Today was the final memory day and took place at Larchwood Care home, Coldean, Brighton. We had a smaller group of students today as we knew it was likely we might only have a few participants and our approach might need more sensitivity as potentially we were meeting the eldest of our older participants. 

We met with the resident student occupational therapists whose role it was to visit the residents of the care home and invite them to participate. They were also able inform us about anything we might need to know about the participants and in some cases they would support the students in the interviews if they thought it was necessary.

Over the day we heard many lovely memories including stories about Brighton's first ever youth club, what went on in the love seats of the Regent Cinema, learning to dance at The Court school of dancing and tales of borrowing £5 to get married.  

Courtesy of Eileen Odom

Wednesday, 3 February 2016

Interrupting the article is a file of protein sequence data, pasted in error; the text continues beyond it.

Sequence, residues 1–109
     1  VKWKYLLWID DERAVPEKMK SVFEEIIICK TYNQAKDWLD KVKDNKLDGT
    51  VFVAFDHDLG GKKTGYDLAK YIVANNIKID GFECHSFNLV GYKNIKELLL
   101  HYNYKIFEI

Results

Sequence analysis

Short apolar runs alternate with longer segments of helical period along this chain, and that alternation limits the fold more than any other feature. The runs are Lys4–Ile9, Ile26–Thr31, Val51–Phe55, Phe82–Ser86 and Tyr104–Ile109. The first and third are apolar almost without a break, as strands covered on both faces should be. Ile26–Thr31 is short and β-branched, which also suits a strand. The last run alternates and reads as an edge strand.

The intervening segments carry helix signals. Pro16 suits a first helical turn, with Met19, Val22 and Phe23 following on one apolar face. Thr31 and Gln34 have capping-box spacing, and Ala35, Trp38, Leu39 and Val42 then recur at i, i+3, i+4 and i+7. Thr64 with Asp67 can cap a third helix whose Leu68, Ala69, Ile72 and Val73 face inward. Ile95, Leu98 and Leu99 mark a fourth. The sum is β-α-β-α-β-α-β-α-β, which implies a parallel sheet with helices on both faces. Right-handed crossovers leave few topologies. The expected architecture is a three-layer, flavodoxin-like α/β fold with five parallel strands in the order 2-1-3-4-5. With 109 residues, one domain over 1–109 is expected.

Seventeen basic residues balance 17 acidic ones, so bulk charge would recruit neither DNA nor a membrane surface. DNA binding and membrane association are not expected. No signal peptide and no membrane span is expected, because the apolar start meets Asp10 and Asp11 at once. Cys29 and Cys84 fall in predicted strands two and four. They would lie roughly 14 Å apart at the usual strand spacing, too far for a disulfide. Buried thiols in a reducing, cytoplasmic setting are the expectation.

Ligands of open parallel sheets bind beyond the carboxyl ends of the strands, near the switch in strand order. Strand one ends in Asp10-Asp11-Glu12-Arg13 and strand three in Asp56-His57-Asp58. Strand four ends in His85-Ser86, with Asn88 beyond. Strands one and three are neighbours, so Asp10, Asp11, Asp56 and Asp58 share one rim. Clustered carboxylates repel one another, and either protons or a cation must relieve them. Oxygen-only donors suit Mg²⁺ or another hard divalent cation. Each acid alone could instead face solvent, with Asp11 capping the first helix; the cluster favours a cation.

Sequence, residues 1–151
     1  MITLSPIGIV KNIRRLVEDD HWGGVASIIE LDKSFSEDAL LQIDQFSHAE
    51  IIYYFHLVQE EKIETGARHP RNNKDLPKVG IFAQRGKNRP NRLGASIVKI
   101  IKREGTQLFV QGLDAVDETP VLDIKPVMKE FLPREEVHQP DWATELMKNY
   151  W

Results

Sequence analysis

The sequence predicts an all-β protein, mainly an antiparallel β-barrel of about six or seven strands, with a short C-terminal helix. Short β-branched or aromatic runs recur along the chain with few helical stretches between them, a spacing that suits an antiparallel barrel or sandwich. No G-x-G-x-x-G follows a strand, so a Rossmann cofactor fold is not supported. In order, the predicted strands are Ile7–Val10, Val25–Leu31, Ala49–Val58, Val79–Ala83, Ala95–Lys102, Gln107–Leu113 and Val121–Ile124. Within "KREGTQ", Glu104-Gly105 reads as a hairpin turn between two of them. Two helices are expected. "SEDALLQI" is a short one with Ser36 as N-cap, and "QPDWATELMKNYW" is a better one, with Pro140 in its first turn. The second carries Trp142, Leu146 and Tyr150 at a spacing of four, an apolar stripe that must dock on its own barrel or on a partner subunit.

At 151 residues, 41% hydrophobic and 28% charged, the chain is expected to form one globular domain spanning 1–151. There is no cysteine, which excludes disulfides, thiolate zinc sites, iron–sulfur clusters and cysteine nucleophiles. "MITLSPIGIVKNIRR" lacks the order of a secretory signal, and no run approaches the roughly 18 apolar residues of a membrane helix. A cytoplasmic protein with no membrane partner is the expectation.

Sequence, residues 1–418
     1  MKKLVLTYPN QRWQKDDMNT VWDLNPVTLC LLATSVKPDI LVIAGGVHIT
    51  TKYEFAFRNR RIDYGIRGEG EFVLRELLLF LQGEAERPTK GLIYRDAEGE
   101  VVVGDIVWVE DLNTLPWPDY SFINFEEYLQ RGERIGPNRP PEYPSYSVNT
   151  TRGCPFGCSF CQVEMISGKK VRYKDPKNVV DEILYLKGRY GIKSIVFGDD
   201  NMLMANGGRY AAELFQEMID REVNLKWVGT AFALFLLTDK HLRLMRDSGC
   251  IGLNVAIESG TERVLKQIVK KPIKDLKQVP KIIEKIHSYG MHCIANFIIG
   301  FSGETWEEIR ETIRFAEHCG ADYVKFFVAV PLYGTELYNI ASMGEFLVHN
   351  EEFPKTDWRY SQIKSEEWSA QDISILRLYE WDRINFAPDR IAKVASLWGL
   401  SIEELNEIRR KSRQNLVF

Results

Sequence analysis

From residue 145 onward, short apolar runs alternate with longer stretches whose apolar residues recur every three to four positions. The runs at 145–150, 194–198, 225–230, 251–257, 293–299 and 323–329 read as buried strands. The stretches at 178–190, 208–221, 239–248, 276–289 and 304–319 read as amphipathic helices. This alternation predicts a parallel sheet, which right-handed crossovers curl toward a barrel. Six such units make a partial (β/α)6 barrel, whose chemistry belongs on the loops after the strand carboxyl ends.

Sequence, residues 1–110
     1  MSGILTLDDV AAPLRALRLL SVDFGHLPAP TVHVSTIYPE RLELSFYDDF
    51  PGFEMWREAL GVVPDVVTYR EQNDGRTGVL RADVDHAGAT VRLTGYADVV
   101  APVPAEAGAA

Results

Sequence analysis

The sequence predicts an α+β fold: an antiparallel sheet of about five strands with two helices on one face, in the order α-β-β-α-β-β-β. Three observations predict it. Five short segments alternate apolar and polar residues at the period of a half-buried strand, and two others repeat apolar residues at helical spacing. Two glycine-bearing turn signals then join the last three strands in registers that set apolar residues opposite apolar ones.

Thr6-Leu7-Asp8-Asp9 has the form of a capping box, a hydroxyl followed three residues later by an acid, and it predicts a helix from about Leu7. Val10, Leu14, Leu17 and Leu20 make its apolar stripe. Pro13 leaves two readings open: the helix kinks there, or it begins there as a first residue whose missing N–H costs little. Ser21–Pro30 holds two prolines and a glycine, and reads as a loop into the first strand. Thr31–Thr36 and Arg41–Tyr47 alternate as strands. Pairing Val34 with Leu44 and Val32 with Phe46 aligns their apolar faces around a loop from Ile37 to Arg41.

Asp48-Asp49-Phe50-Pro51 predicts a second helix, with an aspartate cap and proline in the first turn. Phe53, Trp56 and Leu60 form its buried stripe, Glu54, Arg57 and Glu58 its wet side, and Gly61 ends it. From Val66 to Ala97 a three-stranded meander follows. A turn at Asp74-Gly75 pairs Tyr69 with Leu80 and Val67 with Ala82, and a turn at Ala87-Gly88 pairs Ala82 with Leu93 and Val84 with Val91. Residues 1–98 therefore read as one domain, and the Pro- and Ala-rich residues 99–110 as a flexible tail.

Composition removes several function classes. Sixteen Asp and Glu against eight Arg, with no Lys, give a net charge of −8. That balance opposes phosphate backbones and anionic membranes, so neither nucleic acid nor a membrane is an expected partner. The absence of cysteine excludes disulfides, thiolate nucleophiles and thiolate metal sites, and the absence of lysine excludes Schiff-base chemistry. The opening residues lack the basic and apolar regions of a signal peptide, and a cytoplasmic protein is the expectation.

Giddy Memory Day at Longhill School

Today we had our penultimate memory day at Longhill school. We had residents of Brighton, former students of Longhill as well as some Longhill staff members coming to share their memories.

More portraits of more fabulous Giddy characters to add to our collection

We heard stories of finding jiving at the Regent ballroom and one man recognised himself in a photo someone had brought to a previous memory day, that he's seen on Facebook. 

He told us how he met his future wive there and told us about the etiquette of dance halls in the 50's and what it felt like to approach someone to ask them to dance hoping you wouldn't be rejected!

We heard from a staff member who found first love at aged 13 in Preston Park only to have the romance disallowed by her parents. Over forty years later they were reunited when he emailed her out of the blue, they are still together!

Thursday, 21 January 2016

Memory Day 2 at The Keep

Today we had our second memory day at The Keep, Brighton. 

We had different stations set up for various activities three separate rooms and the pupils from Longhill did another brilliant job in rotating around various roles: